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The Discovery Rule and Medical Malpractice

Statutes of limitations specify the period of time after the occurrence of an injury during which any suit must be filed. In medical malpractice cases, nearly every state has a statute of limitations that is specific to medical malpractice actions. In most states, the statute of limitations for medical malpractice actions is two years. This means that the plaintiff must file suit within two years of the date of the alleged malpractice. Many states also have adopted a “discovery rule” that serves to extend the statute of limitations. The discovery rule delays the running of the limitations period until the time the plaintiff either knew or should have known about the alleged negligence.

States that have adopted the discovery rule have done so in different ways. In some states, the general medical malpractice statute of limitations was modified to provide that the running of the limitations period begins when the injury occurred or when the plaintiff either knew or should have known of the alleged injury. Other states have established the discovery rule as an exception to the limitations period contained in the statute of limitations. In these states, plaintiffs must establish that they fall within the exception to the general limitations period.

Whether the discovery rule applies to toll the running of the statute of limitations is a matter for the courts to decide. In general, a plaintiff will be charged with knowledge of a medical malpractice claim when he or she possesses sufficient critical facts to provide notice that a wrong has been committed and that he or she needs to investigate to determine whether medical malpractice has been committed. In some states, a plaintiff is charged with notice of harm once the plaintiff learns of the injury or illness. Other states apply a more lenient rule. In these states, the statute of limitations does not begin to run until the plaintiff learns or should have been suspicious that the illness or injury was caused by medical negligence. Thus, for example, a plaintiff who suffered complications after surgery would have known of the complications as soon as she experienced symptoms. In the states with the more stringent discovery rule, the limitations period would begin to run as soon as the plaintiff knew she had an illness or injury. In the more lenient states, the plaintiff would have additional time to link the illness or injury to possible negligence of the surgeon during surgery.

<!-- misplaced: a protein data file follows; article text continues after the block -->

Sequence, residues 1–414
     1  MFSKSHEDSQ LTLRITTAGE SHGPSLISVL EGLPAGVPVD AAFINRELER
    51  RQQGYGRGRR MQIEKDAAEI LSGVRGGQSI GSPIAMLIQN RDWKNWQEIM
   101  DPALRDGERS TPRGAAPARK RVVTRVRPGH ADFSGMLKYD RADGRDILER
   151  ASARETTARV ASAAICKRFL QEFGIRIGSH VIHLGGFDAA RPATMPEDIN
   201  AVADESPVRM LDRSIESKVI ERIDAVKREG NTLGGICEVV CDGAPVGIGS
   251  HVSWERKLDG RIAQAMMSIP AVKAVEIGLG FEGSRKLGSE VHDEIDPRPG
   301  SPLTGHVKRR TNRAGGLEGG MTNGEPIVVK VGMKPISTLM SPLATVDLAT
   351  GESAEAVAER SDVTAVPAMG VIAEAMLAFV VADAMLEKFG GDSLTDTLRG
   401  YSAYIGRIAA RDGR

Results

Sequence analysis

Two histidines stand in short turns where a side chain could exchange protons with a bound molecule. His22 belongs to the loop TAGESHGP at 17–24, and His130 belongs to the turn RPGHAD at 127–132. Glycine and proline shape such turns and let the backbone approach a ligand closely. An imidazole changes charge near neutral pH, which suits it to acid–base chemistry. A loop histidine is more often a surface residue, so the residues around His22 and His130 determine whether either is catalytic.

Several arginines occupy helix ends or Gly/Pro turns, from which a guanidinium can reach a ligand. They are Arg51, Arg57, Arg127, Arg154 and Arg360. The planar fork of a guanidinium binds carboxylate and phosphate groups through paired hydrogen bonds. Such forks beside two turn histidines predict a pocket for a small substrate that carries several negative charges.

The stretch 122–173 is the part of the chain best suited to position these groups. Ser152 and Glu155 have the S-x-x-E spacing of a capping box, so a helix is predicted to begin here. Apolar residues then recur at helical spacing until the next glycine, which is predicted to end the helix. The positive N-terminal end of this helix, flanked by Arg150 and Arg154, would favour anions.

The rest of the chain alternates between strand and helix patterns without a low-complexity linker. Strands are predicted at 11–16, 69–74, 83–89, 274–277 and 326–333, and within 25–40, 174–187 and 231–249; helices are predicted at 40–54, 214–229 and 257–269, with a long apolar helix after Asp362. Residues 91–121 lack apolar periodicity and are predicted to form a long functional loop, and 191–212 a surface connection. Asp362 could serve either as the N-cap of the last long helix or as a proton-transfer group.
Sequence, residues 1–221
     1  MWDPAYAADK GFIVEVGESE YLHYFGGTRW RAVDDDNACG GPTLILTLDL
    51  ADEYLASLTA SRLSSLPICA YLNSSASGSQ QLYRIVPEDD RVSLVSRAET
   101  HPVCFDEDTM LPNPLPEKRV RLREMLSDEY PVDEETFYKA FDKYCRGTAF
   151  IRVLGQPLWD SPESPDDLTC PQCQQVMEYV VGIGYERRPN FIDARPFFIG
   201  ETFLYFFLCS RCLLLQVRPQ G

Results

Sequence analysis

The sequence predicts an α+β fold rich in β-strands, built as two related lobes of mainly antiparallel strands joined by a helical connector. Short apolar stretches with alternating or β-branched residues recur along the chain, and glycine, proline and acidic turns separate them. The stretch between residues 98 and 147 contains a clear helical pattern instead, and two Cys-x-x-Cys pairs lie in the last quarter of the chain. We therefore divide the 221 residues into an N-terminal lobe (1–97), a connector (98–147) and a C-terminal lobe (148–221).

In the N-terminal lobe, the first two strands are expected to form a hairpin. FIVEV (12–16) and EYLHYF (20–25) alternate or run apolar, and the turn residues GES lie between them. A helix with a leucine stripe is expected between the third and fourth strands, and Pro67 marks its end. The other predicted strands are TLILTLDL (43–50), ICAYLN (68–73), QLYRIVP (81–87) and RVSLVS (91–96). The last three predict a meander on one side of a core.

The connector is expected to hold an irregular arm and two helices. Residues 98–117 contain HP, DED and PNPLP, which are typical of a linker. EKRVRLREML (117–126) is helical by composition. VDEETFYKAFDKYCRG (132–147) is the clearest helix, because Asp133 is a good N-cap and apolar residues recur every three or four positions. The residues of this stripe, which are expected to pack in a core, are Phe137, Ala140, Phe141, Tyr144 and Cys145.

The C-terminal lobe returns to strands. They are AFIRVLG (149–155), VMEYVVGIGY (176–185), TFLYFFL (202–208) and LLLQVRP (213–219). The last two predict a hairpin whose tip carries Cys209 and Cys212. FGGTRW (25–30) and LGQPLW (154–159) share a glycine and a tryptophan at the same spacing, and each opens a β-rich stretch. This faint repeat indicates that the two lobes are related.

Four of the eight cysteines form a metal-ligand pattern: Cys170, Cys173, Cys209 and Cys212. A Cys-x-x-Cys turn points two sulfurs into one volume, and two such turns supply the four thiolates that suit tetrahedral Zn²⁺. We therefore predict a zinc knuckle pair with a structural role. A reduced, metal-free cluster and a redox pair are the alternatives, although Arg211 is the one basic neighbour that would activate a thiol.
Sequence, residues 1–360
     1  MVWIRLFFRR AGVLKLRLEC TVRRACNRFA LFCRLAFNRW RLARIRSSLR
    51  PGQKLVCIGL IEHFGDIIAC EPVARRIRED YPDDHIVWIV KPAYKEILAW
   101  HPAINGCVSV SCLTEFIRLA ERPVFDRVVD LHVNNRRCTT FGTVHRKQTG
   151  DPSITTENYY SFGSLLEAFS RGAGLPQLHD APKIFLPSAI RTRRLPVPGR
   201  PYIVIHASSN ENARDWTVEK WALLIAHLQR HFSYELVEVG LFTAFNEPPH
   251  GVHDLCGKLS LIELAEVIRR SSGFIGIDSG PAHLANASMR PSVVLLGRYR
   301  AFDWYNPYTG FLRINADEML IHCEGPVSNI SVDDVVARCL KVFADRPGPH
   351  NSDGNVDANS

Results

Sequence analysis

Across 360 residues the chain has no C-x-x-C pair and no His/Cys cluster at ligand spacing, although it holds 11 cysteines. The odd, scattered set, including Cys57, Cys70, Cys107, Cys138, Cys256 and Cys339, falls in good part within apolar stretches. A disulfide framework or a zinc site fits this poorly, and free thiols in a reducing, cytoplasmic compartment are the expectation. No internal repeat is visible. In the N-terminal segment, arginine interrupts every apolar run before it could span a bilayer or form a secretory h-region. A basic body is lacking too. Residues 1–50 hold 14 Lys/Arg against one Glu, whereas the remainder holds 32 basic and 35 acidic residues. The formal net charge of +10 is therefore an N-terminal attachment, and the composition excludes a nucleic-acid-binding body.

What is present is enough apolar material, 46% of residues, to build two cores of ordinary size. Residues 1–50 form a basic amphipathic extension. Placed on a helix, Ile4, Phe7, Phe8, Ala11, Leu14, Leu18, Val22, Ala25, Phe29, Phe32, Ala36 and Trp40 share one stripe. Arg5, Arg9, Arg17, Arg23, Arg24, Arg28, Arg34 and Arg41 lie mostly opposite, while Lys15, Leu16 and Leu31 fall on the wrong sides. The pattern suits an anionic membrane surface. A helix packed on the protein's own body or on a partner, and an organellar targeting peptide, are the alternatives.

In the states that allow additional time for plaintiffs to discover the cause of an illness or injury, the discovery rule does charge plaintiffs with a duty to make a reasonable investigation as to the cause of an illness or injury. If the evidence shows that the facts that the patient was aware of at the time he or she suffered an illness or injury should have led him or her to realize that an injury had occurred, the statute of limitations under the discovery rule begins to run. Thus, if a plaintiff begins to suffer from illnesses immediately after undergoing treatment by a physician and there are no other obvious causes for the illnesses, the plaintiff may be charged with notice that he or she has a medical malpractice claim and the limitations period would begin to run.

Copyright 2011 LexisNexis, a division of Reed Elsevier Inc.

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